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EDITORIAL Just what is it that you need to know?

As the economic climate continues to do its impression of El Nino, potentially promising extreme conditions at any point in the coming months, understand how consumers behave has become one of the key tactical, strategic and technical challenges facing retailers. 

While there has been much talk – including by me – into the role AI is going to have to play in granular personalisation at scale, understanding some basic consumer tropes is really all you need. 

What influences the choices they make around what they purchase and from where is something of a science, but looking at the broad brush of a consumer survey can often be all you need to get going.

And luckily, customer service software provider Gnatta has asked just those questions – and found that Google is the first port of call for pre-purchase research, while reviews are the most prominent way to decide if something found on Google is worth the onions.

So far, so simple. However, it is in all the other fragments of how consumers shop that look more interesting. Social media is used by just 7%, a surprisingly small proportion, given how many millions of people use it. It also calls into question the wider issue of how influential social media has been in shaping politics and culture in the wider world. Why, I wonder, would it influence those sorts of choices, but not what things people buy?

Similarly, family and friends only works for 5% of shoppers as a recommendation. Taken against the 40% who trust online reviews – from unverified strangers to boot – this too seems surprising. Looked at the other way, 95% of consumers don’t trust the recommendations of their own kith and kin, nearest and dearest.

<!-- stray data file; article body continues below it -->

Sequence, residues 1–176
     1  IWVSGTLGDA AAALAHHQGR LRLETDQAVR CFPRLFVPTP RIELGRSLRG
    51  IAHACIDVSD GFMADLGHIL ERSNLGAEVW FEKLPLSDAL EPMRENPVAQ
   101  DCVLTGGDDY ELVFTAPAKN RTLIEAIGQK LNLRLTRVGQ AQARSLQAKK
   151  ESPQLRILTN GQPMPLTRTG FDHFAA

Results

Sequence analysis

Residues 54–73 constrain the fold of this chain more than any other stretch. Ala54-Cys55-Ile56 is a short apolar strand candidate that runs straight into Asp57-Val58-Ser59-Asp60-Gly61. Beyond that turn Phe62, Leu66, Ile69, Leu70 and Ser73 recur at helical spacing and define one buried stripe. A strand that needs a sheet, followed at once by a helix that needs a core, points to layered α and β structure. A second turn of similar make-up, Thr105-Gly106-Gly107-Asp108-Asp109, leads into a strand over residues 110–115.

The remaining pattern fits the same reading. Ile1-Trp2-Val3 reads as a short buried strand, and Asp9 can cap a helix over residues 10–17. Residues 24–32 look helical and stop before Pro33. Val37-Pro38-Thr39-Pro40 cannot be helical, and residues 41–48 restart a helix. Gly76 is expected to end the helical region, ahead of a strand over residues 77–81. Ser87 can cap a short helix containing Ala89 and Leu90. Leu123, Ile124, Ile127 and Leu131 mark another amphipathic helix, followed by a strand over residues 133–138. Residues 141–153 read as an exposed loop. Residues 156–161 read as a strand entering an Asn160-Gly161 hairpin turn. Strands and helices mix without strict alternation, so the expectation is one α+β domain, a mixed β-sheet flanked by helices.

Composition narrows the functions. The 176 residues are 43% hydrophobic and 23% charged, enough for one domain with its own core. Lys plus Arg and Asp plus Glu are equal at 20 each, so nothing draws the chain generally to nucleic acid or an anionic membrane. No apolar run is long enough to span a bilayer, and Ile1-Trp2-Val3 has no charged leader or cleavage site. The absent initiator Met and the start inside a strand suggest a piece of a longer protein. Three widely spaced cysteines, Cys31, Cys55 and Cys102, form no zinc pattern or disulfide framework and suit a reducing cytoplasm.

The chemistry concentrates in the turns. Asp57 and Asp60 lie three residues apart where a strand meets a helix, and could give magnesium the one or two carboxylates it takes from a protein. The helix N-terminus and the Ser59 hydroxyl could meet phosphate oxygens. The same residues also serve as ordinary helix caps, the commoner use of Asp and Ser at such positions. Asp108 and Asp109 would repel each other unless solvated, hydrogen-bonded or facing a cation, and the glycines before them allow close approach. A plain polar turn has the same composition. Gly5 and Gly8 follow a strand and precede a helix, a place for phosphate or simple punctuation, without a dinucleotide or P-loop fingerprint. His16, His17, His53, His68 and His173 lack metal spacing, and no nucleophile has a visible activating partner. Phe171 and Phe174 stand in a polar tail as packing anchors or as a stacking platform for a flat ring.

Another surprise is that 6% of shoppers are swayed by in-store experiences. While this too is a small number, it is surprisingly high given how poor the in-store experience in most shops actually is these days. While I am a dedicated online shopper – I work for InternetRetailing, I have to be – the brief forays I have made into stores with my kids has been a frankly unpleasant experience. Lack of stock, lack of information, lack of helpful staff (though Urban Outfitters were very nice) and crowds of other people touching everything to name but a few. With this in mind, the fact that 6% get their first flush of research done this way baffles me. 

The study’s final gift is that the number of people influenced by a ‘pay later’ option has rocketed, now a serious influence for a quarter of shoppers. Of course, the economic El Nino is driving this, but one has to wonder how sustainable this is a way to get people to buy things?

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